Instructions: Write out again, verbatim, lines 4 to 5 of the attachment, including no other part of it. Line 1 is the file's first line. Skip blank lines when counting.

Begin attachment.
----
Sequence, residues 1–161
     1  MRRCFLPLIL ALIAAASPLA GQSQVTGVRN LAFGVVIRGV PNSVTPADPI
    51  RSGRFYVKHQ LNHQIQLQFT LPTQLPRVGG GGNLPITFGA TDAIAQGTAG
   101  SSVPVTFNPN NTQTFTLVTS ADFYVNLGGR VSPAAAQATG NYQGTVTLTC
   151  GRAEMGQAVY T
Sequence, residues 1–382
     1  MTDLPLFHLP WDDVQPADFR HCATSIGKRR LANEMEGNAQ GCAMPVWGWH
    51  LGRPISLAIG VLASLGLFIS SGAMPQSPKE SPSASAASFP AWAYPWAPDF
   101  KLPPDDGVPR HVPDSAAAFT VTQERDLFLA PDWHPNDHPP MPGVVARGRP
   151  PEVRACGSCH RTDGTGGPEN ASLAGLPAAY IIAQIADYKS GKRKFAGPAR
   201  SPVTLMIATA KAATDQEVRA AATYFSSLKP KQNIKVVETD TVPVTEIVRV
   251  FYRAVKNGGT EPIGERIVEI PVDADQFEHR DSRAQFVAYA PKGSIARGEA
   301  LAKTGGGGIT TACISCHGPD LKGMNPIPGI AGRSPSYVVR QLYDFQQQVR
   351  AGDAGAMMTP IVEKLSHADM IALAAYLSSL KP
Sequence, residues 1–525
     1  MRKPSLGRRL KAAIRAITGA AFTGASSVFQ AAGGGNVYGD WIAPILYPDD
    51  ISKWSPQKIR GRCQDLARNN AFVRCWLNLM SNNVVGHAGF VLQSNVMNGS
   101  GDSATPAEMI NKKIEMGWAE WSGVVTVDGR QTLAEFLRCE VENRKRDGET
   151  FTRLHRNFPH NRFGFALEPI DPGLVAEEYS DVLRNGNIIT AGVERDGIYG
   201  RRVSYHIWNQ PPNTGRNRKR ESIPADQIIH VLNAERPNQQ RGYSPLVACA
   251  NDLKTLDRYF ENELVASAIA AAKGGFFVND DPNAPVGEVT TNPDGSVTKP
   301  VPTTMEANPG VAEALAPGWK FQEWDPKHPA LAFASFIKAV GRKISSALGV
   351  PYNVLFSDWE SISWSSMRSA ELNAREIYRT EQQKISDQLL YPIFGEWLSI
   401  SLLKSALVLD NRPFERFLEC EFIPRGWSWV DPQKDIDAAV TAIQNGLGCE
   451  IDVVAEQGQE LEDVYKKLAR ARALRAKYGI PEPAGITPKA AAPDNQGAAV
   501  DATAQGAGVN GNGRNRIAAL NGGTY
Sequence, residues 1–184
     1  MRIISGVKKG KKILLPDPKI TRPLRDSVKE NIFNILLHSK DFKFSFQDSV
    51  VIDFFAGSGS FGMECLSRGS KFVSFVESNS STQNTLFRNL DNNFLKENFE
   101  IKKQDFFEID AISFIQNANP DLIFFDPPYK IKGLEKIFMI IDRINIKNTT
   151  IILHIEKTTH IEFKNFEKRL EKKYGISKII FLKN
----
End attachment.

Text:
   101  SSVPVTFNPN NTQTFTLVTS ADFYVNLGGR VSPAAAQATG NYQGTVTLTC
   151  GRAEMGQAVY T